Be thankful today. Be thankful for God, his love, and his creation of this universe in its vastness and in its specificity.

God saw everything that he had made, and indeed, it was very good. -Genesis 1:31

Tuesday, February 1, 2011

Crashing Into Walls

We are broken.

I am broken. Finding God seems to be about finding myself, my brokenness, and letting it go, letting it fall into the tender, healing hands of our Father. I think this would be impossible to do alone. 

Here in Hollywood, I encounter the brokenness of others nearly every day. In the face of it all, it can be much too easy to deny my own. I often tell myself that knowing I will have never totally dealt with all of the emotional and spiritual damage stemming from the accident is comforting because, I say, I will never grow complacent in fleshing out these issues and I will find solace in knowing that success is not found in finishing but in merely working.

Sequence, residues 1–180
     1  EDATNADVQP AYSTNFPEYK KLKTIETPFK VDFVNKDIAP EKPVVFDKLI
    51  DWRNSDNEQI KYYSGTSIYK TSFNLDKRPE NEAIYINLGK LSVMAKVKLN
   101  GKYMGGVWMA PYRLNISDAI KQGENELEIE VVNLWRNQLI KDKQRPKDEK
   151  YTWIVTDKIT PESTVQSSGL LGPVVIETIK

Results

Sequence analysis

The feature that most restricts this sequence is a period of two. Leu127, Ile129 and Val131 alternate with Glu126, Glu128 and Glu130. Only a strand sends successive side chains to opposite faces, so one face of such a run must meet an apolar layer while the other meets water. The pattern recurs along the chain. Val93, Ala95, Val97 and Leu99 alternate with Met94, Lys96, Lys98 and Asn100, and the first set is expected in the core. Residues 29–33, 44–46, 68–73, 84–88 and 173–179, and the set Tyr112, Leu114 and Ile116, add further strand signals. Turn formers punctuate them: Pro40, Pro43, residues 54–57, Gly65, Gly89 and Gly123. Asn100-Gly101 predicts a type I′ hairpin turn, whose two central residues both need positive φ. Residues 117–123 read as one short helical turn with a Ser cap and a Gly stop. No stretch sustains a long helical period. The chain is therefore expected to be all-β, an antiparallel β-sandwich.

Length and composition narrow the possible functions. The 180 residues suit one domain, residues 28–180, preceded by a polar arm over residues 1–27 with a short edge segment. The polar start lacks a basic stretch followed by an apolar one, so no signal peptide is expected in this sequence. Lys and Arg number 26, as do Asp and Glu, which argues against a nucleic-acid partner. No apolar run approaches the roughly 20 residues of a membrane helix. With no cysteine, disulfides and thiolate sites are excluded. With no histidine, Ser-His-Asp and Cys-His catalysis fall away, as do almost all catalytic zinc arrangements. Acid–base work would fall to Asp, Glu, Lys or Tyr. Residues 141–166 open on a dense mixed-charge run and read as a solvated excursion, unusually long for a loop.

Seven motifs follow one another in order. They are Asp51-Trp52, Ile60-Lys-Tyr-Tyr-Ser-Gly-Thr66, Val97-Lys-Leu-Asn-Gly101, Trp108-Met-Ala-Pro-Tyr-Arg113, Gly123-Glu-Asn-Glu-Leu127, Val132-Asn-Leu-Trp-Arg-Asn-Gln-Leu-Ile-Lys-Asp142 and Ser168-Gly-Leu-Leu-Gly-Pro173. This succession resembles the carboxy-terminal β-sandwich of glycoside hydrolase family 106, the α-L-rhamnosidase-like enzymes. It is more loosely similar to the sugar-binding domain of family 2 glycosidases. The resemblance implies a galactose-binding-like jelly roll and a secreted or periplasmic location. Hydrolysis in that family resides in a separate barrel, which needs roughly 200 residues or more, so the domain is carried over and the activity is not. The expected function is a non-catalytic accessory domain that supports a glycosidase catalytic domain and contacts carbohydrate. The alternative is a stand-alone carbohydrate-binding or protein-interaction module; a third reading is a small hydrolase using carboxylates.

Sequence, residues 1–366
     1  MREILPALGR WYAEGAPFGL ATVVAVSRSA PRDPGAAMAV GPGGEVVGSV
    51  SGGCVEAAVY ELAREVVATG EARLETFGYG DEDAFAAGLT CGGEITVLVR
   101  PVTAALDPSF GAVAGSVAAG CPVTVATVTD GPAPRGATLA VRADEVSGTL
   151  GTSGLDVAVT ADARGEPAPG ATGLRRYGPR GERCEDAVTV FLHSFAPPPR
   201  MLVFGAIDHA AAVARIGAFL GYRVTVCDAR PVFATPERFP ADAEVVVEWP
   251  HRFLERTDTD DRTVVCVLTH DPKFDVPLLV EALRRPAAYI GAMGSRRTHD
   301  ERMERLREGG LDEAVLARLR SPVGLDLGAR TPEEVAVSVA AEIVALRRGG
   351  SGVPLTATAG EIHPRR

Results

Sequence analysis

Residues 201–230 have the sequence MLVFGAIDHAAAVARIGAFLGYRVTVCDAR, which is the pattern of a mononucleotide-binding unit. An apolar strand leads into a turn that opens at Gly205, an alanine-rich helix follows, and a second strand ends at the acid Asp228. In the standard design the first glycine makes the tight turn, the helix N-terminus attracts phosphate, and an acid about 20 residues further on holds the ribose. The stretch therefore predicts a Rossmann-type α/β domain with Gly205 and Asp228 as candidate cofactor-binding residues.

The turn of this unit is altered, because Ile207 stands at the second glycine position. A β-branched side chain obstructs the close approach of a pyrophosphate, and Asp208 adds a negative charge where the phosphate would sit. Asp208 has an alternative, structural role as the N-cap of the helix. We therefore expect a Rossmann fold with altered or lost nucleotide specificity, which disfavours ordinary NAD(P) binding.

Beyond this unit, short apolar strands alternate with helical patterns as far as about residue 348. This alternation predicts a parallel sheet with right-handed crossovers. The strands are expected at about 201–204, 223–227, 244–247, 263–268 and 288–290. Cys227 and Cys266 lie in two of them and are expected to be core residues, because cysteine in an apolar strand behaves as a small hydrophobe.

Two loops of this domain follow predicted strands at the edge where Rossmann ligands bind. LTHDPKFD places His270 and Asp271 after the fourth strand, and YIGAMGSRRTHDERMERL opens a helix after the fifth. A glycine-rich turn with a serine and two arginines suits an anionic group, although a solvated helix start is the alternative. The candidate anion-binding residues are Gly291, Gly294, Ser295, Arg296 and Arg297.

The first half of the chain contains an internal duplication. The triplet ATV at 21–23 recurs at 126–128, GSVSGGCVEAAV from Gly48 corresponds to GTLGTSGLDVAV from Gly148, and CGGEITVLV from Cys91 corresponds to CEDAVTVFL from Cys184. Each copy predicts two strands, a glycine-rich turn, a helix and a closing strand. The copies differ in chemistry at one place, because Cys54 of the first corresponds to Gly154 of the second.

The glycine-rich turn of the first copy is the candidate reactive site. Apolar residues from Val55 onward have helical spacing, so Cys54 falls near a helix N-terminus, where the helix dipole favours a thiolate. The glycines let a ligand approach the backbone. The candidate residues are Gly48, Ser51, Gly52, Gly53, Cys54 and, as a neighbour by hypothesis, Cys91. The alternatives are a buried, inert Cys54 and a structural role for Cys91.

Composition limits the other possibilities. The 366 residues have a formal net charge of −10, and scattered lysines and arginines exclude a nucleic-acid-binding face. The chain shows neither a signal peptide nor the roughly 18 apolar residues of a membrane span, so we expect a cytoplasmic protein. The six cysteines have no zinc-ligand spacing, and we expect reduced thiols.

Still, despite this, I am surprised when I realize how obviously intertwined my behaviors are with some new, undiscovered pain. I am still surprised when I am not done. Even more interesting is how I stumble across some part of my brokenness and immediately attribute it to the fire only to discover that it was there the whole time. This is where I am now.

Like I said, I meet brokenness head-on in others everyday. I see it in our clients on the street and in the kids that come to our house. It's nearly impossible for me to look at one of our kids  and tell him to be himself, to strip away the facade and expose who he is and who he wants to be (more acutely summarized as "Stop frontin' man") without examining myself and the ways I am hiding who I am from the world and the ones I love out of fear or shame.